Health Care and Wellness
Taiwan has seen significant improvement in the health status of older adults over the past two decades thanks to the introduction of a universal health care system and a focused effort by the government to build age-friendly health care institutions. Lack of access to integrated health care, however, remains a significant gap in the system. Nonetheless, the government continues to make strides to improve the health and wellness of older adults, including creating a formal long-term care (LTC) system and focusing on increasing and integrating community-based care services, including dementia care.
Both life expectancy and healthy life expectancy of older adults in Taiwan have significantly improved since 2000, though they are still below the OECD average. As of 2016, an average 60-year-old could expect to live for another 23.5 years, an increase of 2.6 years from the year 2000. Of those additional years, 18.3 could be expected to be healthy, a two-year gain from the 2000 level.
Source: Institute for Health Metrics and Evaluation
Accreditation of Age-Friendly Health Care Institutions
Because of Taiwan’s aging population, the government places great emphasis on providing older adults with easy access to quality care to prevent disease, postpone physical dysfunction, and support aging in place. Key measures include the accreditation of age-friendly health care institutions. The Health Promotion Administration (HPA) introduced its accreditation program in 2011, the first in the world initiated by a national government. Accreditation criteria cover four dimensions of health care: administration policy, communication and service, care procedures, and physical environment.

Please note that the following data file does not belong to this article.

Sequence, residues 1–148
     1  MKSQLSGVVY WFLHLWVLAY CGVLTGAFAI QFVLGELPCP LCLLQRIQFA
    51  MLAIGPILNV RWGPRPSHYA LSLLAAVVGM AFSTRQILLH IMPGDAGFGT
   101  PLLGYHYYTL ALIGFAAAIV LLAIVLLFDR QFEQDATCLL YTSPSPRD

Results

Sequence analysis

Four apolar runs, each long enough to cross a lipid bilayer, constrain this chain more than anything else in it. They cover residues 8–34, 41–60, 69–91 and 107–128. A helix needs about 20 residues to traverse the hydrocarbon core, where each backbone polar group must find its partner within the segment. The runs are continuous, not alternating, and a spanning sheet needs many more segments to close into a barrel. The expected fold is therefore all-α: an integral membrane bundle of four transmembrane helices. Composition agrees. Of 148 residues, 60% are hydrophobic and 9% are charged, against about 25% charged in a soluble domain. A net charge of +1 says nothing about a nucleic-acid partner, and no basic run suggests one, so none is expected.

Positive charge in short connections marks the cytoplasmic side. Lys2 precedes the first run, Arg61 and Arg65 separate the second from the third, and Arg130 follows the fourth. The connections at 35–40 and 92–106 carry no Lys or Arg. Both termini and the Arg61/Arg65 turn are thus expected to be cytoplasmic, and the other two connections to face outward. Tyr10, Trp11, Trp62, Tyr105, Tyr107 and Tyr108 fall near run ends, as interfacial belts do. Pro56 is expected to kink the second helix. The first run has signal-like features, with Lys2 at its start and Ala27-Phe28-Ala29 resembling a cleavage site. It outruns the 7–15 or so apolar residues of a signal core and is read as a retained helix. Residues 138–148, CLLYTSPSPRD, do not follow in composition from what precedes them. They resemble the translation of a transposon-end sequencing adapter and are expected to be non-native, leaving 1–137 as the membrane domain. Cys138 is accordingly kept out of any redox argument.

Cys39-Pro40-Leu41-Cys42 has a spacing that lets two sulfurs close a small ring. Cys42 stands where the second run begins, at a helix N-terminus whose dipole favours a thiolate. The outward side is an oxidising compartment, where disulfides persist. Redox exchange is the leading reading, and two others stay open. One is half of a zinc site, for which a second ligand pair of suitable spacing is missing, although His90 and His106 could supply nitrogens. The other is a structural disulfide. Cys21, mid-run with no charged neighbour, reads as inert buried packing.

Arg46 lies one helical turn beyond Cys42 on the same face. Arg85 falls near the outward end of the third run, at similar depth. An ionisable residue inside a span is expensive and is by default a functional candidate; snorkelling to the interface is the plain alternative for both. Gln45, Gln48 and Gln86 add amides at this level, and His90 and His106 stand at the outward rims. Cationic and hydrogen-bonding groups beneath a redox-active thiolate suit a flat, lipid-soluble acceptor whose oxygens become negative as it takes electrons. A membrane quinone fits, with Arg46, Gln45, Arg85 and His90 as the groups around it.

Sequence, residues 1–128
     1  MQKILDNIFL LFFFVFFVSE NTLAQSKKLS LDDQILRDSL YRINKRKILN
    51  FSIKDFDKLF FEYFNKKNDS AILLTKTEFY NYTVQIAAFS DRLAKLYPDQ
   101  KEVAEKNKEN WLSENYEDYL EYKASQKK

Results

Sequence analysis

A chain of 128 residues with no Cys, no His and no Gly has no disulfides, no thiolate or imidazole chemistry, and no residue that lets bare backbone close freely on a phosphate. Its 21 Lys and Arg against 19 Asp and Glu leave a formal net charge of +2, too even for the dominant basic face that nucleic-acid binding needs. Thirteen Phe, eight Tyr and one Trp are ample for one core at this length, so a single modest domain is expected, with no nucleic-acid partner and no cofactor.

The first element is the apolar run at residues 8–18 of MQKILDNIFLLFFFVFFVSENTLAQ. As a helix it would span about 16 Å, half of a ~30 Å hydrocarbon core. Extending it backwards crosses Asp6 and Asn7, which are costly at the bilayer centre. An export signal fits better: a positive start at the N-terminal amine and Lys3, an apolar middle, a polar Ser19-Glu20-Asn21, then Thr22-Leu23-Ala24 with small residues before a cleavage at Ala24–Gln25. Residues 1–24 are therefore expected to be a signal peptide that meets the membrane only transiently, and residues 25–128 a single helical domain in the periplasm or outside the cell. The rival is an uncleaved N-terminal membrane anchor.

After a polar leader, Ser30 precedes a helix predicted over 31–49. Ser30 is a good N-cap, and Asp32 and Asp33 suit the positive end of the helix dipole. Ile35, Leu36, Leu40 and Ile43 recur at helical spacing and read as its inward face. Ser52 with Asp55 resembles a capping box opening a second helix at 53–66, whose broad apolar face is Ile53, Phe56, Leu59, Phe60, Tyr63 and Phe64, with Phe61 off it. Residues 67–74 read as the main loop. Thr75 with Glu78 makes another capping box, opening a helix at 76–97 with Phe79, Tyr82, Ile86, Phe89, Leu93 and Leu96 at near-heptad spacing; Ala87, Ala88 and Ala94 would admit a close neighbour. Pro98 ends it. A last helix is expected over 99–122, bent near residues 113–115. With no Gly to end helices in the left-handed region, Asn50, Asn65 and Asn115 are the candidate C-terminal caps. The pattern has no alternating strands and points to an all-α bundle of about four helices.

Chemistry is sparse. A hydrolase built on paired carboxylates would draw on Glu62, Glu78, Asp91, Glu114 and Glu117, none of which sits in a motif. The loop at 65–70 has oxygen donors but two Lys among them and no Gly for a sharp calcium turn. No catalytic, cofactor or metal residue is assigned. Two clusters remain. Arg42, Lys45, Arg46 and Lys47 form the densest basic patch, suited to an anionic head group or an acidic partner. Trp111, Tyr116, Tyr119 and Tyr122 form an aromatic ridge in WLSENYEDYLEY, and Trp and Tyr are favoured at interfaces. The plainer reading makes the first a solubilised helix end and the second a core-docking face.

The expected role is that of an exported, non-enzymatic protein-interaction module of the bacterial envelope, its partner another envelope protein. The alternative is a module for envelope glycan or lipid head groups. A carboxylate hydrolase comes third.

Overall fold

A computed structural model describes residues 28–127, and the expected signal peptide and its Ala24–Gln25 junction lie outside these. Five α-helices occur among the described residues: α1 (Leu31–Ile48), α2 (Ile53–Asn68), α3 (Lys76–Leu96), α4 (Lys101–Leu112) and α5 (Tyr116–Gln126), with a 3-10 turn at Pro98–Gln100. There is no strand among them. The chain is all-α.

With the program beginning with hospitals, it was expanded in 2012 to include public health centers (PHCs), clinics, and long-term care institutions. By the end of 2017, 469 institutions were certified, and 90 percent of surveyed older adults reported satisfaction with services provided at these institutions. As the original criteria were developed primarily based on hospital practices, the government continues to optimize and adapt them to different types of institutions. In 2016, it updated criteria to be specialized for PHCs. As of October 2017, 96 centers received their accreditation based on these new standards. The government aims to certify all of Taiwan’s 370 PHCs by the end of 2018. The HPA has also developed new criteria for long-term care institutions, which it began testing in 2017.
“We see accreditation as an important administrative strategy and tool. It enables us to systematically integrate standards into institutions that provide care for older adults.”
– Ying-Wei Wang, Director-General of Health Promotion